Sport event studies have demonstrated that relevant stakeholders must share objectives and coordinate efforts to leverage a large-scale sport event to secure positive legacies. However, the challenging and complex task of collaboration between networks of diverse organizational stakeholders to secure legacies has received little scholarly attention. In this conceptual paper, the authors explore, through a political economy lens, differences between the political economies of sports and sport events pertaining to mass sport participation legacies. The authors focus on the mesolevel and consider how divergences in political economy elements—structure and context, stakeholders and ideas/incentives, and bargaining processes—influence the likelihood of mass sport participation legacies from large-scale sport events. The authors suggest a need for event legacy stakeholders to engage more meaningfully with the complexities surrounding securing mass sport participation legacies. In addition, they provide pragmatic, actionable implications for policy and practice to assist stakeholders in addressing the challenges they face to maximize legacy outcomes.
Alana Thomson, Kristine Toohey, and Simon Darcy
Erianne A. Weight, Elizabeth Taylor, Matt R. Huml, and Marlene A. Dixon
As thousands of professionals are drawn to work in the sport industry known for celebrity, action, and excitement, a growing body of literature on the industry’s culture describes a field fraught with burnout, stress, and difficulty balancing work–family responsibilities. Given this contradiction, there is a need to better understand employee experiences. Thus, the authors utilized a human capital framework to develop employee archetypes. Results from a latent cluster analysis of National Collegiate Athletic Association athletics department employees (N = 4,324) revealed five distinct employee archetypes utilizing inputs related to human capital development and work experiences (e.g., work–family interface, work engagement, age). Consistent with creative nonfiction methodology, results are presented as composite narratives. Archetypes follow a career arc from early-career support staff to late-career senior leaders and portray an industry culture wherein the human capital is largely overworked, underpaid, and replete with personal sacrifice and regret.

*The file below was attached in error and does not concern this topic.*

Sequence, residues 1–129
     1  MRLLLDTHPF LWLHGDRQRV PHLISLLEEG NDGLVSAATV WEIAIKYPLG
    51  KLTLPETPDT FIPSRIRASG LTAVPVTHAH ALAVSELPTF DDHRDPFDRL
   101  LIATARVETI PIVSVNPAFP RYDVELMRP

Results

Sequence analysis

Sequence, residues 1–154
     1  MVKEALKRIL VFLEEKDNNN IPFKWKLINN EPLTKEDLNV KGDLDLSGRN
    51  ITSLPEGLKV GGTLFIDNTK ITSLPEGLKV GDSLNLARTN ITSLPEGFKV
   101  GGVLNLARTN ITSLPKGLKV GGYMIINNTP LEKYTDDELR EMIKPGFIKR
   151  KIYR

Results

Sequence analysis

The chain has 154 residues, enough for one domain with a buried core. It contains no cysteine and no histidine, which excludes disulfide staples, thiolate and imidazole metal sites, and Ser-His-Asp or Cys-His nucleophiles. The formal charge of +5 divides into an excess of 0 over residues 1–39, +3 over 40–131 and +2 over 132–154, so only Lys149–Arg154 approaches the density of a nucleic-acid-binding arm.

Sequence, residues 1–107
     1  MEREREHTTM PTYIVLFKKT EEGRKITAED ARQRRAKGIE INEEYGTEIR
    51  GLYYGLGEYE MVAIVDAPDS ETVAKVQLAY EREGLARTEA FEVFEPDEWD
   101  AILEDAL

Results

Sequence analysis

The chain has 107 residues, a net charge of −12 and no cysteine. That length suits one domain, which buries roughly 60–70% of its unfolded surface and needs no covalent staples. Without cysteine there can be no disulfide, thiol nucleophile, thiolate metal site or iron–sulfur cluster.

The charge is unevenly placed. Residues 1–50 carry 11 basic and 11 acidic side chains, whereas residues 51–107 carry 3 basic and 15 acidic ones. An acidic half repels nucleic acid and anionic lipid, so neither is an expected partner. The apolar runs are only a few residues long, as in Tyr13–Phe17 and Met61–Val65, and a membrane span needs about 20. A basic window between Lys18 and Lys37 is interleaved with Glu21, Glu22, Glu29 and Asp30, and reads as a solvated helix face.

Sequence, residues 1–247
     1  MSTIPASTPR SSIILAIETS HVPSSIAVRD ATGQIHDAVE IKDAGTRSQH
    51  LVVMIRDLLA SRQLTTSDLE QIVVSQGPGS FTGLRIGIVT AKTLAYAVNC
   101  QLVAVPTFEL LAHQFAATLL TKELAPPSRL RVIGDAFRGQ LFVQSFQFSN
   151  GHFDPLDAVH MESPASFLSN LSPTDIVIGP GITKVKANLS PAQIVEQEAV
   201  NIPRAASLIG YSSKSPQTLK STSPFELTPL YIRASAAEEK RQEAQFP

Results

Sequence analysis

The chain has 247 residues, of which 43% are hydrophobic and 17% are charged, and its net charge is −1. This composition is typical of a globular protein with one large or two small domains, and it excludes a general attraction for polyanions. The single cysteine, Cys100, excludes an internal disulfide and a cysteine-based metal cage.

Niels B. Feddersen, Robert Morris, Louise K. Storm, Martin A. Littlewood, and David J. Richardson